What does Endure to the End Mean?

Scripture often encourages us to endure in the faith or warns us about falling away. Does this demand work on our part?

The Bible often encourages us to endure in faith. For example, Joshua urged God’s Old Testament people to “cleave unto the Lord your God” (Joshua 23:7). Speaking of the end times, Jesus warned against falling away, saying, “But he that shall endure unto the end, the same shall be saved” (Matthew 24:13).

Doesn’t this demand work on our part?

Faith Is a Work of God

Some people think of faith as something we do. This can result in us placing the emphasis in the wrong place. If enduring to the end means being faithful or keeping the commandments, then we’re all in big trouble because we’ve already failed to measure up to God’s standard of perfection (Romans 3:23).

Thankfully, enduring to the end means trusting in Christ’s completed work for us. That trust, or faith, is a gift of God (Ephesians 2:8). It is created in our hearts by the Spirit (1 Corinthians 12:3). From beginning to end, faith is the work of God.

A person may listen to the gospel message and then receive faith. We can read God’s promises in the Bible and be assured of the perfection Jesus has won for us. Yet, even here, we are recipients. The active agent is God.

Imagine that a firefighter rescued an unconscious person from a burning building. The man was laid down in a safe place, far away from the fire. After a while, the man regains consciousness. He stands and watches as his house burns to the ground. But he doesn’t go rushing back into it. It would be absurd if he later bragged about how he contributed to his rescue by remaining in safety and not returning to the burning building.

This is what it means to endure to the end. Remaining or enduring in Christ’s saving work doesn’t contribute to being saved. Like the firefighter, Christ already did it all.

Keep The Focus On Jesus

Imagine if that firefighter heard the man bragging about how he helped in his rescue after the firefighter had put himself in extreme danger to rescue him. He wouldn’t just feel unappreciated. He would be angry.

This illustrates how claiming that we, in any way, contribute to our salvation is an incredible insult to Jesus. He sacrificed so much to save us. It would anger him because we are taking credit for what he did and because it calls into question his payment for our sins.

To use another illustration, imagine that some of your loved ones foolishly got themselves deeply in debt. Although they were at fault, you wanted to help them. Therefore, you sold many of your possessions and used the money to pay for everything they owed. You can hardly contain your excitement as you anticipate telling them this great news. You can’t wait to see their joy.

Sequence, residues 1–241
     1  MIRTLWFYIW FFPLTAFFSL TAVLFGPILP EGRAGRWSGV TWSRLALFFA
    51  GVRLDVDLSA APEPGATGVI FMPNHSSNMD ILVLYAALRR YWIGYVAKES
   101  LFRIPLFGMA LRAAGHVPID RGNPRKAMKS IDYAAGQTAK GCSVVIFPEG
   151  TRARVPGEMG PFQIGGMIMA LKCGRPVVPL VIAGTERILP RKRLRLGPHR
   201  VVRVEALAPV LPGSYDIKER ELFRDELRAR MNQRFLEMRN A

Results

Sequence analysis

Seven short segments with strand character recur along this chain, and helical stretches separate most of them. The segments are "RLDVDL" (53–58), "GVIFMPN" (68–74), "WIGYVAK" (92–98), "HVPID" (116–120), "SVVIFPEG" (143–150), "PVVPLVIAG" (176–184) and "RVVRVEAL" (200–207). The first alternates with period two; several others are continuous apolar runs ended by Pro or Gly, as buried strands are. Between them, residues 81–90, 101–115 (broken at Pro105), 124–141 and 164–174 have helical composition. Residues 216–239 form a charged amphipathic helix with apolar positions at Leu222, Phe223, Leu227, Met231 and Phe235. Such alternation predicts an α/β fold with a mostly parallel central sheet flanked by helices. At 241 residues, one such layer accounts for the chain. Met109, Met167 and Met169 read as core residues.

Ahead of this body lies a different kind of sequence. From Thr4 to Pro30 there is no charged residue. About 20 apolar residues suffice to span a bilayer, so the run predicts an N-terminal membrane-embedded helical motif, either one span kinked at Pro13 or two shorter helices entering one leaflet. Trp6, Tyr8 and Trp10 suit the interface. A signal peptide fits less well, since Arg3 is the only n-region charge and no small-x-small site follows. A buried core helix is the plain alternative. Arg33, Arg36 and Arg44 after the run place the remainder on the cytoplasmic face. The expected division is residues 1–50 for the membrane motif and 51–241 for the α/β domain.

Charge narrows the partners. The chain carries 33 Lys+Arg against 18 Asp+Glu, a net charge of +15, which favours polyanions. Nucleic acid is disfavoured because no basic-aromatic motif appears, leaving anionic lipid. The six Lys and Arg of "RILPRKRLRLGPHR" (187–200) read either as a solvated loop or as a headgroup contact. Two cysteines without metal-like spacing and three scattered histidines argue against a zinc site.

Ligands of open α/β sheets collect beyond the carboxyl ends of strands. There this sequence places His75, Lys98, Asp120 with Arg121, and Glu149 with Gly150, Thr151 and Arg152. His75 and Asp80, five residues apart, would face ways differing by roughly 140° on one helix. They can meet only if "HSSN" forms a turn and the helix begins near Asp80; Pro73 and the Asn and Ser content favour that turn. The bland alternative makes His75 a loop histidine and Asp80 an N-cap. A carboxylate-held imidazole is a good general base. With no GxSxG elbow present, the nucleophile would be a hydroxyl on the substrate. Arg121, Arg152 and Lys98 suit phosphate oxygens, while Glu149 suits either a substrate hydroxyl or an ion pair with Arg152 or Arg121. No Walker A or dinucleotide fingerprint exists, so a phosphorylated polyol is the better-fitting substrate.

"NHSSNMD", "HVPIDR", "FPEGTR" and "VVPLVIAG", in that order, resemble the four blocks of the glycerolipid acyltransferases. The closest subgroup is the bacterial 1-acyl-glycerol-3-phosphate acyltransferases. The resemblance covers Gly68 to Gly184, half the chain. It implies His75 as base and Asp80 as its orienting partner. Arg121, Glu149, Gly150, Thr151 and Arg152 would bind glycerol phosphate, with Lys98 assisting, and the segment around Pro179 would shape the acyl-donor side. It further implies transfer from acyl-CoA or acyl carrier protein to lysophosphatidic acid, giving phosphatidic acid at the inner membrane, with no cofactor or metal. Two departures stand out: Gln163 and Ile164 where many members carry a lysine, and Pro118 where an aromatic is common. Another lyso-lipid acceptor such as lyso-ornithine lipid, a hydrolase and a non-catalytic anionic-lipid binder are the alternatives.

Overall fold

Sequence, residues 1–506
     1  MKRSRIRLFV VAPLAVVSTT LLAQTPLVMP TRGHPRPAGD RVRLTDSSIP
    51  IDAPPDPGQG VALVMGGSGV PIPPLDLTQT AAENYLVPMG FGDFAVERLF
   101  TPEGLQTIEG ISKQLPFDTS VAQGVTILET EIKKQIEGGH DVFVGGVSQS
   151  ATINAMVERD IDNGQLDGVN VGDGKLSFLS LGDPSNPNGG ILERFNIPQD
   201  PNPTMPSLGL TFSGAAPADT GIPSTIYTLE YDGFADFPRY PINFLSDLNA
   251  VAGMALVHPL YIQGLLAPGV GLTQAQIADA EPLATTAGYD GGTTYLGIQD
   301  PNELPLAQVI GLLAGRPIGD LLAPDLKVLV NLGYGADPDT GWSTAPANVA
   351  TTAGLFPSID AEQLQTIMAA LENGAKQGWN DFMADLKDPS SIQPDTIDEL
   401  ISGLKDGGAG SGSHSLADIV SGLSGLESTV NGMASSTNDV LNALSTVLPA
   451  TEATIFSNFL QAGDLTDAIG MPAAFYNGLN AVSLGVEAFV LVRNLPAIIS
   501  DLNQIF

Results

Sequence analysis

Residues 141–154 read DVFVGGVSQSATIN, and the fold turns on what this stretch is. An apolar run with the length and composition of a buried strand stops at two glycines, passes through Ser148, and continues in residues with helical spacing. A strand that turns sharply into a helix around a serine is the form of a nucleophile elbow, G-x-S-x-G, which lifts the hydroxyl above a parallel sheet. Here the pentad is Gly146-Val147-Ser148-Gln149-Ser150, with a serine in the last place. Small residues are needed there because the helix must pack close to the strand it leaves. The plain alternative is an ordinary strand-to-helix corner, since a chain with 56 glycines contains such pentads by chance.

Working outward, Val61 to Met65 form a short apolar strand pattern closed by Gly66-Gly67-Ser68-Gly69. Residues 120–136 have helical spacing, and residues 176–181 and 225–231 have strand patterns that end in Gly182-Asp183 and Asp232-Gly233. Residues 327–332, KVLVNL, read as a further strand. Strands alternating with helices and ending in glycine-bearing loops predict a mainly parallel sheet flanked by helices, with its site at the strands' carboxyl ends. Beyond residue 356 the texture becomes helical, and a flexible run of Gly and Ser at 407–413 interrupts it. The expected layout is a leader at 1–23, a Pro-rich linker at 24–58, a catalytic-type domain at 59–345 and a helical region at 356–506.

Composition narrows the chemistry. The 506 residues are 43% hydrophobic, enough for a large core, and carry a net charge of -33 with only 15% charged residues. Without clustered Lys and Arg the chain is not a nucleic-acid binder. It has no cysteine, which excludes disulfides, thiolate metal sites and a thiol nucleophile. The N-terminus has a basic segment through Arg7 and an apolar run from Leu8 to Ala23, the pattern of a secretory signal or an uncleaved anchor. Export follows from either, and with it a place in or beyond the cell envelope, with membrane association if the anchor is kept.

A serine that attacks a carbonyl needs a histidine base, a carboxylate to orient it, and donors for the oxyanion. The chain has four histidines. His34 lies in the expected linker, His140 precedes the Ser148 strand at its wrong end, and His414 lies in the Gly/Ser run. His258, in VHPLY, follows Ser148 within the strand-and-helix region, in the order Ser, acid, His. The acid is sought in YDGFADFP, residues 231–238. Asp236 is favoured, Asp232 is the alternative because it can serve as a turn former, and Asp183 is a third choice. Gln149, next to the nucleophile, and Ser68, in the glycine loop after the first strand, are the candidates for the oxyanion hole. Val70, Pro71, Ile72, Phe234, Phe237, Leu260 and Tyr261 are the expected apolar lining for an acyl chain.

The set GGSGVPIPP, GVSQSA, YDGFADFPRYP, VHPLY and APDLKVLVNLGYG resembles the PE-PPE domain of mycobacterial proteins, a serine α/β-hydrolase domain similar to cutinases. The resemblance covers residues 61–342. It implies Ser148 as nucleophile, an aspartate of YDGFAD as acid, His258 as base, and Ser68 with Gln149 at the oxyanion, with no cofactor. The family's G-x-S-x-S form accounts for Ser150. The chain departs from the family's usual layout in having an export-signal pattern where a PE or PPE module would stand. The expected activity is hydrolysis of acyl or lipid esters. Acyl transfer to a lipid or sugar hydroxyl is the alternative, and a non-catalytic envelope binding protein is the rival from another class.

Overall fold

You arrive at their house and tell them to sit down because you have some news to share. “Your debt has been paid in full! You have nothing to worry about!” They react with great joy. But then, in the subsequent weeks, they start sending you the minimum payment on their debt. You are confused and angry. You ask them what they are doing. “Don’t you know that I paid your debt because I love you? It is my gift to you. Do you think that your little payments can even come close to paying me back? You are showing me that you don’t appreciate how much I had to give for you. Your attempt to pay me back ruins everything. It turns my act of love into nothing more than a business transaction!”

Endure In Faith

Jesus rescued all the world. Sadly, not all receive this gift. If you wrote out an extraordinarily generous check to pay off the debts of your loved ones, but they didn’t believe you were good for it so they left it on the table, they would never receive the benefit of that gift. In a similar way, those who do not trust solely in Jesus do not receive the benefit of his saving work.

Paul describes how Jesus came “to present you holy and unblameable and unreproveable in his sight: If ye continue in the faith grounded and settled, and be not moved away from the hope of the gospel, which ye have heard, and which was preached” (Colossians 1:22–23). Did you notice how important faith is in those words? It’s essential! No wonder Paul encourages them to continue in the faith.

Faith has sometimes been illustrated as a hand extending from the heart, taking hold of Christ’s saving work and making it ours personally. Those who believe in Jesus now enjoy a new relationship with God (John 1:12). This happens through the gift of faith.

God encourages us to endure to the end. Endure by trusting in our efforts? Certainly not! Rather, endure by trusting in Christ’s saving work for us. Then, on the Last Day, you’ll stand on his perfect record for you. Stand in the confidence faith brings every day until then!


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